A few months after the test drive experience from within a mountain, I drove an acquaintance’s 4x4; a Suzuki Gypsy; known, and renowned around the world as the Suzuki Jimny, Suzuki Samurai, Suzuki Farm Worker, and so on. It was a different experience than the previous test drive with the Ford truck. The test-drive with the Gypsy, felt more real. The truck felt barebones. It felt more old-school than anything else that I have had driven before. All of that, while still retaining the clutch that these 4x4 trucks, in general had on my heart. 

While test-driving it, the acquaintance admitted to the drive being bumpy, and being rough in general. My ass, at that point was dampened with glee of the fact that I was test-driving a Suzuki Gypsy. And, the dampening was so well done, that it had dampened my listening abilities too or so my rear shock-absorbers reasoned. I didn’t push the man, complaining about the ride quality of the truck, to hand over the keys to me. I wished for it, yes. But, that day I let it stand as a wish.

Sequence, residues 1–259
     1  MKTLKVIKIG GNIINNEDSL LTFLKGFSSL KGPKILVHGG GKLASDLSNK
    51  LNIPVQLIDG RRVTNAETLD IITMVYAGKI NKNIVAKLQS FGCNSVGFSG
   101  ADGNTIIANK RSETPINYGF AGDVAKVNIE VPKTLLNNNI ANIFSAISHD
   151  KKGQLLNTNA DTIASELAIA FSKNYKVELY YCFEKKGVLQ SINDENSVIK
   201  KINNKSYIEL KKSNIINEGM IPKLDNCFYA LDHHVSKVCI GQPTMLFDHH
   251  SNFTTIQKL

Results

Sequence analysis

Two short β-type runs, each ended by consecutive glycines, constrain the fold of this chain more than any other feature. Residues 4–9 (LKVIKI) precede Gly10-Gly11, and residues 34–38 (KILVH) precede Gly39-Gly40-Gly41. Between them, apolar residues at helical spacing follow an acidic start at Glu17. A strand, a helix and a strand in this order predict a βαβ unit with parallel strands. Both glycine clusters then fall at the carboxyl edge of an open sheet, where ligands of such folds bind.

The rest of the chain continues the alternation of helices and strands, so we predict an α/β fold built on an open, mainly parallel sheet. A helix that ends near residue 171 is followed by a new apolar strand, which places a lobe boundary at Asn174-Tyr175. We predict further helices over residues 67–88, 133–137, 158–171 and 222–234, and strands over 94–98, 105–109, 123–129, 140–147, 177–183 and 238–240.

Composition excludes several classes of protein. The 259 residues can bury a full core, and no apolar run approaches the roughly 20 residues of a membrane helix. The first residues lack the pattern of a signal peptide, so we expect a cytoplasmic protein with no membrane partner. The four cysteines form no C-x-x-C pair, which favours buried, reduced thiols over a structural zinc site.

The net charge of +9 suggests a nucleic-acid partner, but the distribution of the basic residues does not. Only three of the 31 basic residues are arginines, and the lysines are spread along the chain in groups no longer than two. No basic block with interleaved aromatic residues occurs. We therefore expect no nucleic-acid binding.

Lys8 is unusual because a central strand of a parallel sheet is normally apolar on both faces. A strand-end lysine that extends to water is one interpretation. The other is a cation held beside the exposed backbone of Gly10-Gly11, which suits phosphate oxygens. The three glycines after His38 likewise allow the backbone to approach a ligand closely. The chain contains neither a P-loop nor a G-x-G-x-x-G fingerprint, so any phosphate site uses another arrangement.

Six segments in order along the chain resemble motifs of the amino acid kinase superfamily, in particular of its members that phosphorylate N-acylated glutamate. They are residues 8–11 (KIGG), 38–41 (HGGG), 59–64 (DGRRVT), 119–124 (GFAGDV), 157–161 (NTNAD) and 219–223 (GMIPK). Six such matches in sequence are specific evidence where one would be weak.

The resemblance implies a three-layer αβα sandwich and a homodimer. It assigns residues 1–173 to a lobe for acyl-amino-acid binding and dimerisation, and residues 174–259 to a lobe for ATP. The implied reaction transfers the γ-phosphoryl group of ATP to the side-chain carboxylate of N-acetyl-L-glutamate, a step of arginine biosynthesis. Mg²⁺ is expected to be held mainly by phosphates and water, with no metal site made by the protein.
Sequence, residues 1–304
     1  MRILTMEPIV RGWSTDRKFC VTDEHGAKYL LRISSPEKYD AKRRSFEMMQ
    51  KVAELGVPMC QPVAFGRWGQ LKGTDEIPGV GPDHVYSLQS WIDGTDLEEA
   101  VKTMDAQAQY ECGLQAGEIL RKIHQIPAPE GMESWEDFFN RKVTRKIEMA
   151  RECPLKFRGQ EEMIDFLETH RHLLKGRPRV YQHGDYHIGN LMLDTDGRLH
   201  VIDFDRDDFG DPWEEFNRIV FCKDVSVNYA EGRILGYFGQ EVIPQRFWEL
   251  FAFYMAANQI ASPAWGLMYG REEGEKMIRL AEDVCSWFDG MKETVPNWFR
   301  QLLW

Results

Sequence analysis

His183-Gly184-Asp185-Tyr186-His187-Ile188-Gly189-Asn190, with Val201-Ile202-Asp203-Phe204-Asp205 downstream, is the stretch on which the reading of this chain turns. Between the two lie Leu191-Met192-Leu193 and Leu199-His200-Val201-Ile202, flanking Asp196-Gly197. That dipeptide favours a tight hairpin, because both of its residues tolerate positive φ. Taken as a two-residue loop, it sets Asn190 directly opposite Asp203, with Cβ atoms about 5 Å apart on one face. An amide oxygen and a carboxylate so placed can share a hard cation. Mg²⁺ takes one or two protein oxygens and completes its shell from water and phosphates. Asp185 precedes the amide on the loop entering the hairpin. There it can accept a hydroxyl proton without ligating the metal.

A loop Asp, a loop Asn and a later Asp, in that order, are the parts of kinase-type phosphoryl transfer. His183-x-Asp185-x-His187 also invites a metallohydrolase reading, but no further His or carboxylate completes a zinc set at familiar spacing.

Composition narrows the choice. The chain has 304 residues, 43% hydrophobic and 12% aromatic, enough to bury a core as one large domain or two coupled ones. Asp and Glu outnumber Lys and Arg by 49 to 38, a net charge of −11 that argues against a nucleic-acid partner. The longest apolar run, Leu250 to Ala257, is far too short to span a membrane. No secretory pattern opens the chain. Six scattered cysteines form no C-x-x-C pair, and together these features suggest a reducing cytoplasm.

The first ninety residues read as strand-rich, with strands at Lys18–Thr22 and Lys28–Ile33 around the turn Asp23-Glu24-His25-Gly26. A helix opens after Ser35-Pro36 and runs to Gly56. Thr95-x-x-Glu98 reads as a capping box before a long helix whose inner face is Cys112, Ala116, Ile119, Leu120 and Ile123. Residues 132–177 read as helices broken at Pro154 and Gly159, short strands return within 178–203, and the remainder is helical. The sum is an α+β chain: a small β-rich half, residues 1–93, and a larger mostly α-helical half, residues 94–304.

On a day, much like today, I found myself sitting across this same acquaintance, and some other bed-fellows. He was complaining still, about the ride quality of the truck, and the hard suspension that he had has the pleasure of dealing with. He had recently been on an off-roading adventure with some other truck owners, on the outskirts of the city. It hadn’t been a good experience for him. Suddenly then, he decided to ask me, about buying it.